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The Iceland Summit: 'A Difficult Dialogue': Gorbachev Angrily Accuses Reagan of Scuttling an Accord at Reykjavik

The New York Times, October 13, 1986


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REYKJAVIK, Iceland, Oct. 12, 1986


Mikhail S. Gorbachev said today that by insisting on development of ''Star Wars'' weapons, President Reagan ''scuttled'' a series of broad arms control agreements reached by the two men at their meetings here.

The Soviet leader said that ''only a madman would accept'' the American insistence that research and development of a space-based missile defense system be allowed to proceed beyond laboratory work under a broad agreement to reduce nuclear weapons.

Mr. Gorbachev said at a news conference after the collapse of his talks with Mr. Reagan that he had come to Iceland thinking that the best way to end the arms race was to present President Reagan with a radical package of new proposals.


'Major Concessions' by Moscow

Mr. Gorbachev said Moscow had presented a package of ''major concessions and compromises'' at the meeting, while the United States side ''came empty-handed, with a whole set of mothballed proposals.''

Mr. Gorbachev, leaning forward in his seat and slashing the air with his right hand at times for emphasis, spoke without notes for an hour before responding to questions. His presentation was polished and at times impassioned.

In an apparent effort to put Mr. Reagan on the defensive, he presented a detailed defense of the new Soviet proposals and Moscow's handling of relations with Washington since their meeting in Geneva last November.

Portraying the Soviet position as a radical and far-reaching effort to end the arms race, he placed the overall blame for the failure of the talks on the influence of the military-industrial complex in the United States.


'Let Us Not Panic'

Mr. Gorbachev, flanked by top aides on a makeshift podium at a Reykjavik movie theater, said he was not discouraged by the breakdown in the talks.

''Let us not panic,'' he said. ''This is not the end of contact with the United States. It is not the end of international relations.''

He said the Soviet proposals remained on the table and expressed hope that the agreements nearly concluded this weekend could be revived.

''Let America think,'' he said. ''We are waiting. We are not withdrawing our proposals.''

Mr. Gorbachev, who appeared serious but not grim, reported that he had told Mr. Reagan that they ''were missing a historic chance: Never had our positions been so close together.''

Mr. Gorbachev said ''both of us should reflect on what happened here,'' adding, ''The meeting was important and promising.''


'Not an Unproductive Meeting'

Although he called the failure ''sad and disappointing,'' Mr. Gorbachev added that ''it was not an unproductive meeting.''

He described the talks as ''a step in a difficult dialogue.''

As he spoke, Mr. Gorbachev was flanked on his left by Aleksandr N. Yakovlev, a national secretary of the Central Committee in charge of propaganda, and Marshal Sergei F. Akhromeyev, a First Deputy Defense Minister and Chief of Staff. Marshal Akhromeyev wore a suit rather than his normal green army uniform.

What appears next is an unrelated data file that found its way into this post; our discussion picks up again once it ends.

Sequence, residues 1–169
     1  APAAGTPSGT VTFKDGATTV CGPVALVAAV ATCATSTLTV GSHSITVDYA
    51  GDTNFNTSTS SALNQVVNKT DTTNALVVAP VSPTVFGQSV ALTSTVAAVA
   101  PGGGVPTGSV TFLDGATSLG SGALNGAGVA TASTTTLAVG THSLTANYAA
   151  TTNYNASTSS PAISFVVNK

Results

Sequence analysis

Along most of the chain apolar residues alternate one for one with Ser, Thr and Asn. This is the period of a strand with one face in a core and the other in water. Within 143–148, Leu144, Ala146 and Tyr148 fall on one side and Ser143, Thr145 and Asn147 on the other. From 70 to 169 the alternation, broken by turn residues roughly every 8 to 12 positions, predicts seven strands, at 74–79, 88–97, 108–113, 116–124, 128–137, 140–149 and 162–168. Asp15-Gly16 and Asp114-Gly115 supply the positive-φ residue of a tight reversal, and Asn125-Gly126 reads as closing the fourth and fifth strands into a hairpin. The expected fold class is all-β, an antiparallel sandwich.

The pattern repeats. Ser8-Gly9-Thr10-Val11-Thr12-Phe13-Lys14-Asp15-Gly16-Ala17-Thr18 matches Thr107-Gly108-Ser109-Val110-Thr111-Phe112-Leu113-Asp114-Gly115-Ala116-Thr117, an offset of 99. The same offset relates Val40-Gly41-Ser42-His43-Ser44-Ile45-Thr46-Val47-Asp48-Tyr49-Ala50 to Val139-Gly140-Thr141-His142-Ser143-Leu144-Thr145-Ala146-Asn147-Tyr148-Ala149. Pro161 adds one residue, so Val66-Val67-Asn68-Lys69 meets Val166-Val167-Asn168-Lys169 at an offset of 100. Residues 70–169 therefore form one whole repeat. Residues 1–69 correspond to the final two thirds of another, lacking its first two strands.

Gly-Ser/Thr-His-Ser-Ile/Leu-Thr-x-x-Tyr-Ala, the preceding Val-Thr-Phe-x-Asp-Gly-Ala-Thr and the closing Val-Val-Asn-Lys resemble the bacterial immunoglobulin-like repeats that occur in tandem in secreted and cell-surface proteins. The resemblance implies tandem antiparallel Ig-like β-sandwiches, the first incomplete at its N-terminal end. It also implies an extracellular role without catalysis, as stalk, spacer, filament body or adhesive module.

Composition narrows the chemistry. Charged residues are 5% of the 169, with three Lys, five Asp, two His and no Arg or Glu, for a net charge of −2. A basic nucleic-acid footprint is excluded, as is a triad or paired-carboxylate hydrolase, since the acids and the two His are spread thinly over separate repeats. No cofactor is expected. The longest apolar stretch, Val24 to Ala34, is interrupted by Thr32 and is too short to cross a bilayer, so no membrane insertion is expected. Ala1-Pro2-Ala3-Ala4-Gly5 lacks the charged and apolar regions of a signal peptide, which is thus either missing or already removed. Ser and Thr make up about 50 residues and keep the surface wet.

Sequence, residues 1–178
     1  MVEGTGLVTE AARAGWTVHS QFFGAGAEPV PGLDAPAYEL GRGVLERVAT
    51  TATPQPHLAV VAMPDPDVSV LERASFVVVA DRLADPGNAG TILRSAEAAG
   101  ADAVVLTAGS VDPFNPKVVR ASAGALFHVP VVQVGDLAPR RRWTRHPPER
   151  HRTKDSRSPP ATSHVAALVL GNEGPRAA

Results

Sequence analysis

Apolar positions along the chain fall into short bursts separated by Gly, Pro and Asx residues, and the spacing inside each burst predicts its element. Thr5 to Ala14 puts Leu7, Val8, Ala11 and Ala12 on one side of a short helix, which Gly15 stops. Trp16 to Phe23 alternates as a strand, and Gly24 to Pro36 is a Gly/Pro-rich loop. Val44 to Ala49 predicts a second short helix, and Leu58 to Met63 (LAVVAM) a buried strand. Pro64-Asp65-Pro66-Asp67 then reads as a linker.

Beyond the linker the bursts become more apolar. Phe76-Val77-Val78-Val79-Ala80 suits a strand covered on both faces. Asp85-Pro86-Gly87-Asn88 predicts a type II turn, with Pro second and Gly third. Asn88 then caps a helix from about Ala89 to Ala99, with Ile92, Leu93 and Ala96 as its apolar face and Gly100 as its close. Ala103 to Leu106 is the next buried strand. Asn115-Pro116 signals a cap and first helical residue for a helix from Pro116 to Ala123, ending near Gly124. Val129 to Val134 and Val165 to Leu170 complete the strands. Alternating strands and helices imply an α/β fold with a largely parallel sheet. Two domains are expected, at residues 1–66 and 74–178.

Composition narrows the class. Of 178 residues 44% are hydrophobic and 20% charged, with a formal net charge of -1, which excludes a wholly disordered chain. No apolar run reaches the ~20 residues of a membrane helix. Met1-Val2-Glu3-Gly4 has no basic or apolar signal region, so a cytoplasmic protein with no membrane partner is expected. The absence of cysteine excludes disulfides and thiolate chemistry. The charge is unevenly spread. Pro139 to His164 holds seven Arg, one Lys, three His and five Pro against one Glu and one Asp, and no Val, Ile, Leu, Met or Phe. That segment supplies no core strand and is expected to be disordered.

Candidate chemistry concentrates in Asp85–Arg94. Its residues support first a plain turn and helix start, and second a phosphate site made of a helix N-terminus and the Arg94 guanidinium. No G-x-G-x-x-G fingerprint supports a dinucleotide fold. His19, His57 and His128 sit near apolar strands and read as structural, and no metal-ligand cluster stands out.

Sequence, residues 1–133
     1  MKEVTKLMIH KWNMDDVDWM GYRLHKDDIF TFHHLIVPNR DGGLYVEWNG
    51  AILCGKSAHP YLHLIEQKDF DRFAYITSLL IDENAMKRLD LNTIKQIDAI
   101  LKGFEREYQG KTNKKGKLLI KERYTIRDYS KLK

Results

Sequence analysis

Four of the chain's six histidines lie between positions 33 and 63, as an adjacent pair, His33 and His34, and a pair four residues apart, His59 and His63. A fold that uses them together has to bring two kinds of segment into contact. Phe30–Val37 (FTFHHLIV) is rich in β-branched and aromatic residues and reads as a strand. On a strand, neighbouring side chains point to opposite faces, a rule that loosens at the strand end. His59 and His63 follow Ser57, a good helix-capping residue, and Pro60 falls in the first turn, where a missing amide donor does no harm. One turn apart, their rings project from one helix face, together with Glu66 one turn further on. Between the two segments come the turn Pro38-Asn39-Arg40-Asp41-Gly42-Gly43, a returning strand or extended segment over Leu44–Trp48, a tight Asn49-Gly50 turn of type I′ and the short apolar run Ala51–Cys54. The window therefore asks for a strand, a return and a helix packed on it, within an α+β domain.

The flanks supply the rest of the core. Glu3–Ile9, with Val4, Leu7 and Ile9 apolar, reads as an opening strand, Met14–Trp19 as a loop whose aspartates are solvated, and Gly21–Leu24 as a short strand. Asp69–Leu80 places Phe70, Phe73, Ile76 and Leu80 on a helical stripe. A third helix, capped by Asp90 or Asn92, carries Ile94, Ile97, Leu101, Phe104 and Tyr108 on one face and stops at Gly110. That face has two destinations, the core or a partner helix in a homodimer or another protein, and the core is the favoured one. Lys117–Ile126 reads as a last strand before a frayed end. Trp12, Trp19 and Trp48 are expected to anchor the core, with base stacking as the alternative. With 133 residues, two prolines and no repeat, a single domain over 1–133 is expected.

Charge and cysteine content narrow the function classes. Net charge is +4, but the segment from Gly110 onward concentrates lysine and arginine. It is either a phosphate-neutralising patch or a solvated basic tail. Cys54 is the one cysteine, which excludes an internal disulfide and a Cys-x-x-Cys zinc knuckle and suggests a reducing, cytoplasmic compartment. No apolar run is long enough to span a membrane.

To Mr. Gorbachev's right were Foreign Minister Eduard A. Shevardnadze and Anatoly F. Dobrynin, the former Ambassador to Washington who is a Central Committee secretary and a key foreign policy adviser to Mr. Gorbachev.


Asked whether the weekend's events ended the prospects for a visit by him to Washington, Mr. Gorbachev said, ''It doesn't mean we are farther from Washington than we used to be. We are closer, if the United States considers our proposals.''


Dim Prospects for U.S. Visit

However, he said nothing about setting a date for a visit to Washington.

Another senior Soviet official, Georgi A. Arbatov, the director of the Soviet Institute for U.S.A. and Canadian Studies, said before Mr. Gorbachev's appearance that unless Washington changed its position on basic arms control issues there would be little chance for a Gorbachev trip to the United States.

Mr. Gorbachev said that Mr. Reagan, noting his disappointment at the Soviet position on ''Star Wars'' research, asked, ''Why because of one word are you so intransigent?''

Mr. Gorbachev said Moscow could not back down on Mr. Reagan's program to develop exotic new missile defense technologies because the program threatened to produce new offensive weapons and to extend the arms race into space.

Mr. Gorbachev said that he brought new proposals to Iceland covering all facets of the arms control talks in Geneva because those negotiations ''were at a standstill.''


Trying to Restore Momentum

''We brought proposals which, had they been accepted, could in a short time make it possible to avert the threat of nuclear war,'' he said.

Mr. Gorbachev said Moscow's expectation was that he and Mr. Reagan could issue binding instructions to their negotiators to prepare agreements to reduce strategic nuclear weapons by 50 percent, to eliminate intermediate-range missiles in Europe, and to deal with defensive systems by extending the 1972 antiballistic missile treaty for 10 years.

He contended that the Soviet proposals eliminated several major stumbling blocks to agreement. He said, for example, that Moscow was willing to set aside its long-standing insistence that reductions in strategic weapons include cuts in American bombers and nuclear-capable tactical aircraft stationed in and around Europe.


Mr. Gorbachev said he was surprised by Mr. Reagan's initial reluctance to accept the proposal for eliminating intermediate-range missiles because the United States had made a similar suggestion in 1981.


''I said, 'I don't understand how you can abandon your own child,' '' Mr. Gorbachev said.

​© 1986 The New York Times Company

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